Your insides are not somebody’s outsides

I recently watched a TedTalk by Anne Lamott – ’12 truths I learned from life and writing’, and one of the things she said was – don’t compare your insides with someone else’s outsides. This really stuck with me. We seem to spend a lot of our time comparing our true self with the external aspects of others and then saying ‘I need to do better’. But the truth is, what is it that we are seeing? Unless we ‘know’ that person, have been there on their journey, seen their life story, seen their ups and downs, what exactly are we comparing to? Everyone has a story which shapes their lives and as we meet and cross paths we are all at a different point on our journey. There is no comparison. Just because someone’s life may seem glamorous or successful to you, it doesn’t necessarily mean that it is, and even if it is that way you haven’t seen the journey it took for them to get there. Surely someone’s journey or life story is much more interesting than your perceived projection of their exterior. Then begs the question of ‘why’ you are comparing, comparison usually means you are making a judgement on someone, based on nothing more than your own inner insecurities. When you criticise someone else usually this is a refection of something which is lacking or missing in your own life and this could be from either side of the coin, for example someone who seemingly has a successful, happy wealthy life could leave you feeling inferior, feeling that you are lacking in the ability to create the same, but equally comparing or being critical of someone who appears to have a failed or lesser life than your own could leave you feeling superior, but for one to believe that they are better than another means that they are devaluing that person, and surely once again this comes from a place of insecurity and defensiveness, where you are trying to devalue someone in order to make yourself feel better.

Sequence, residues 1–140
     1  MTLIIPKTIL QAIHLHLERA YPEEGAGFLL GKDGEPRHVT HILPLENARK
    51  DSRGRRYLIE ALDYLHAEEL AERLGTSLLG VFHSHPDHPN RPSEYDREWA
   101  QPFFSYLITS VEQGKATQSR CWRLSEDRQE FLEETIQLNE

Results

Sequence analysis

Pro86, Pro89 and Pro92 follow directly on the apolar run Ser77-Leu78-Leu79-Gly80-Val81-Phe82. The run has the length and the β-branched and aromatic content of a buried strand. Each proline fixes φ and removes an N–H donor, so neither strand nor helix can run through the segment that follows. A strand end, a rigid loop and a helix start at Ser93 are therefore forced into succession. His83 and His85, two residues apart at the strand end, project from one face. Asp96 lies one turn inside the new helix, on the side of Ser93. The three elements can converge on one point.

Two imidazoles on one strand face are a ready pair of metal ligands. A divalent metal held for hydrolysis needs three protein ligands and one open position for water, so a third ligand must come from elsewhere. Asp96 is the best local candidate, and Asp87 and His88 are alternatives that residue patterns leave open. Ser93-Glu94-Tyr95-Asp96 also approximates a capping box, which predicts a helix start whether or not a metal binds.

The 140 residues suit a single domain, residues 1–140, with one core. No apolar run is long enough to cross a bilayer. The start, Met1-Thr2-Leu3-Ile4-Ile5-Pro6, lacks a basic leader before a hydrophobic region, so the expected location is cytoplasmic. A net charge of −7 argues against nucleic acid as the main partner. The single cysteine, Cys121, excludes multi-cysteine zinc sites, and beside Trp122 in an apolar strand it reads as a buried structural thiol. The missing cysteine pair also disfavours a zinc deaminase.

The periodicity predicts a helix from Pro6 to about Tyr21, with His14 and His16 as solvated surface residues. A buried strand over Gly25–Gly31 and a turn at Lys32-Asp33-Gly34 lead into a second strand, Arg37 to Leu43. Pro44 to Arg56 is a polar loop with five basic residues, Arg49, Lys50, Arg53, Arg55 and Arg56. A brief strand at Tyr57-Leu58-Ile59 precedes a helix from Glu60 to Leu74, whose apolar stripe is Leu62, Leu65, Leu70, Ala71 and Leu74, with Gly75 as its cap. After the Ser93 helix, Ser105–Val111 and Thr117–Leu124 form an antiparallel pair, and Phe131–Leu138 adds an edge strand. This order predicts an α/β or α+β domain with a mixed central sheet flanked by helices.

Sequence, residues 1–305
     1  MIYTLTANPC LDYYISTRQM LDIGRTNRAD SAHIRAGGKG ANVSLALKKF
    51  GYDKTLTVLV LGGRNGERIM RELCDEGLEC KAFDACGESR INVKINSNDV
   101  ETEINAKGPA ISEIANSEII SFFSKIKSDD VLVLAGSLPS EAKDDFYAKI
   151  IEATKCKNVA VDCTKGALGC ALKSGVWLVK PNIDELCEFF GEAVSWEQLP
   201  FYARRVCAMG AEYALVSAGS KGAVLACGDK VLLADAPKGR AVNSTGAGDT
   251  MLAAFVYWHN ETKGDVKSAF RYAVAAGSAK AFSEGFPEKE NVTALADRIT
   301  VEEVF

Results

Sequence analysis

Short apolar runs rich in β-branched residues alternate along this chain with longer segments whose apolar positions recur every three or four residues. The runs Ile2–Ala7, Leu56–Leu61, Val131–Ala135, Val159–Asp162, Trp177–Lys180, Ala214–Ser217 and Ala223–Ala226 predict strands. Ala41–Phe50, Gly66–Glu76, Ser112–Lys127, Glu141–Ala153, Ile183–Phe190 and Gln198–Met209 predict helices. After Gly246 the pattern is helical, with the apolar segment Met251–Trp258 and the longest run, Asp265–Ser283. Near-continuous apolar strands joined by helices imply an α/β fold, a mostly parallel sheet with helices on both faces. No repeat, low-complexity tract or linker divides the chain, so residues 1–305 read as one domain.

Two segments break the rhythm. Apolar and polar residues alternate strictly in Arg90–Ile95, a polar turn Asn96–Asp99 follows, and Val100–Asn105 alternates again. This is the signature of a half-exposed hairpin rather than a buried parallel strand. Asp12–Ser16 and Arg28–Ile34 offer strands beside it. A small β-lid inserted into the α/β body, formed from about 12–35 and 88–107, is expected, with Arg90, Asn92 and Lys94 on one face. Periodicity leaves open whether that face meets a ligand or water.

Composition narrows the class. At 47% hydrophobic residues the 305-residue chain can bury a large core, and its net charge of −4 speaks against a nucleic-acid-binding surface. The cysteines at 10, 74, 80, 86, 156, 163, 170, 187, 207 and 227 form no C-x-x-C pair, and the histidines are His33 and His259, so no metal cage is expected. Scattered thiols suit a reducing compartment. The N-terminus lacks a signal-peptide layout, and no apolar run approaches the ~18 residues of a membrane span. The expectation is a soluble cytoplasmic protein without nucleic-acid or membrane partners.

Now I’m not saying that there is never a time when we should compare, a healthy comparison can ignite us and inspire us to do better for ourselves and the people we love, but it’s to know when you are making a healthy comparison or not. Does it ‘feel’ good when you are making your comparison/judgement or does it feel bad? If it feels bad then maybe you need to ask the question of why you are comparing yourself to someone else in the first place. What’s the deeper message for yourself?

When we are at peace, happy and secure, the perceived successes or failures of someone else only conjure up a sense of empathy or joy, an understanding of where that person is on their life journey. Comparing your insides to someone else’s outsides is not constructive, and limits or blocks your ability to truly share, learn and grow.

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